That’s why those owning the megaphones — the mainstream media — hold so much power in deciding who and what is heard. And that’s why we have to push the media as hard as we push Congress in making sure they are reporting on Trump’s march to war with Iran fairly, accurately, and within context.
Dear US media outlets ABC, AP, CBS, CNN, NBC, NPR, the New York Times, Reuters, USA Today, the Washington Post, and the Wall Street Journal:
- Stop quoting, interviewing, and featuring op-eds from those calling for war with Iran without identifying their ties to the defense industry.
- Stop writing headlines that paint the US as an innocent actor and Iran as the sole aggressor.
- Stop featuring National Security Advisor John Bolton on segments, op-eds, and quotes without noting his history of calling for war with Iran for two decades.
- Challenge any and all claims on Iran made by Trump administration officials and their allies.
- Stop quoting biased commentators without identifying they are part of pro-war or pro-regime change think tanks like the Foundation for the Defense of Democracy, or are fake accounts by the MEK/Mojahedin-e-Khalq.
- Stop using incendiary and orientalist photos of “Iranians burning an American flag” randomly paired with articles on events not connected to the photo at all.
- Quote, interview, and feature progressive Ianian, Iranian-American, and American people, activists, and experts who cn speak to the real impacts of a destructive US-Iran war.
Thank you for working for peace,
Stephen and the Win Without War team
 The Guardian, “Is John Bolton the most dangerous man in the world?“
CNN Doesn’t Tell Viewers its Analyst Who Urged a Military Strike Against Iran Is a Lobbyist for Defense Contractors
(June 23, 2019) — During CNN’s “breaking news” coverage of the conflict between the United States and Iran, CNN political commentator David Urban advocated for a missile strike against Iran, claiming that “the Iranian government has to be checked” and that there needs to be “retribution” for its alleged actions against the United States. The network didn’t disclose to viewers that Urban is a lobbyist for numerous defense contractors.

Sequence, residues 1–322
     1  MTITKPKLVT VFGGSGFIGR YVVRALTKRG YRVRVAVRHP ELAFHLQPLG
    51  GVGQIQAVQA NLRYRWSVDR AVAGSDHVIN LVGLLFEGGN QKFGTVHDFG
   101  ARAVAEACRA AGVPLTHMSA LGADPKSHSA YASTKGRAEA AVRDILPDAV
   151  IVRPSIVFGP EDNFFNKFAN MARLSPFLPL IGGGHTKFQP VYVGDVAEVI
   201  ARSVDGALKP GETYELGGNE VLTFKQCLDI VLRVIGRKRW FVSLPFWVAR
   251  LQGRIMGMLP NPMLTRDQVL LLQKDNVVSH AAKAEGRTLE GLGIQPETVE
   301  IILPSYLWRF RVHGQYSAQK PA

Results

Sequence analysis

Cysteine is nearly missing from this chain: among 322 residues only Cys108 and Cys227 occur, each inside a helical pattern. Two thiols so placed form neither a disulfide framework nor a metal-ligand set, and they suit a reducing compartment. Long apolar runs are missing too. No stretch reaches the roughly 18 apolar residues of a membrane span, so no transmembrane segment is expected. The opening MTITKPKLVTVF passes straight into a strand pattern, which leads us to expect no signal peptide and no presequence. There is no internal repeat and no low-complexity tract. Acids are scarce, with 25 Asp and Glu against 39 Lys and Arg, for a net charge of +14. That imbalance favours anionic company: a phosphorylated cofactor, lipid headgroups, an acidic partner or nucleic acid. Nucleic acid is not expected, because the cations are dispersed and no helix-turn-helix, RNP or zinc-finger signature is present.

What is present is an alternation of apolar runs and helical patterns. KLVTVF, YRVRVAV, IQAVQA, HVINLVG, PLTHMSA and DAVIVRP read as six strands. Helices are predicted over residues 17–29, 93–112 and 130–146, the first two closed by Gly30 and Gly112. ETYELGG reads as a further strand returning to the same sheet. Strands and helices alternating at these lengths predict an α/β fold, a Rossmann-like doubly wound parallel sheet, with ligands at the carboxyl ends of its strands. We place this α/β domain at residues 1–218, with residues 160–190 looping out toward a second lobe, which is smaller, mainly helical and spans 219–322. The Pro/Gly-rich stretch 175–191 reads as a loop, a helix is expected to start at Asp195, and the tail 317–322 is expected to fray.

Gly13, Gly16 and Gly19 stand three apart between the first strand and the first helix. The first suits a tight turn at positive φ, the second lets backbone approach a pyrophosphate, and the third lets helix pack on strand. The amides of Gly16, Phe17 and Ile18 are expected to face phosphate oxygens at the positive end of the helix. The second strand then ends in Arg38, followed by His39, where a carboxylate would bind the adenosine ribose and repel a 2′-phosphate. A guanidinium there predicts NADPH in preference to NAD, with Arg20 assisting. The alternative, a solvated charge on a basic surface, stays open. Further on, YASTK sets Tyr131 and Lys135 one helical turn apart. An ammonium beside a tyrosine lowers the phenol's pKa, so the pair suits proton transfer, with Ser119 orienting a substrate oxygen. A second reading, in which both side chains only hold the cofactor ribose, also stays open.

Urban appeared on the June 20 edition of CNN’s The Lead with Jake Tapper, where he advocated for striking Iran with a missile . . . .
CNN, Urban, and host Jake Tapper didn’t disclose during the segment that Urban has extensive financial ties to military contractors.
In addition to working for CNN, Urban is the president of American Continental Group (ACG). The company states on its website that its “defense and homeland security practices draw on years of experience working at the highest levels of the legislative branch and the federal appropriations process. We help our clients understand the nuances of the system, make sure they have a chance to make their voices heard, and secure favorable legislative outcomes on their behalf.”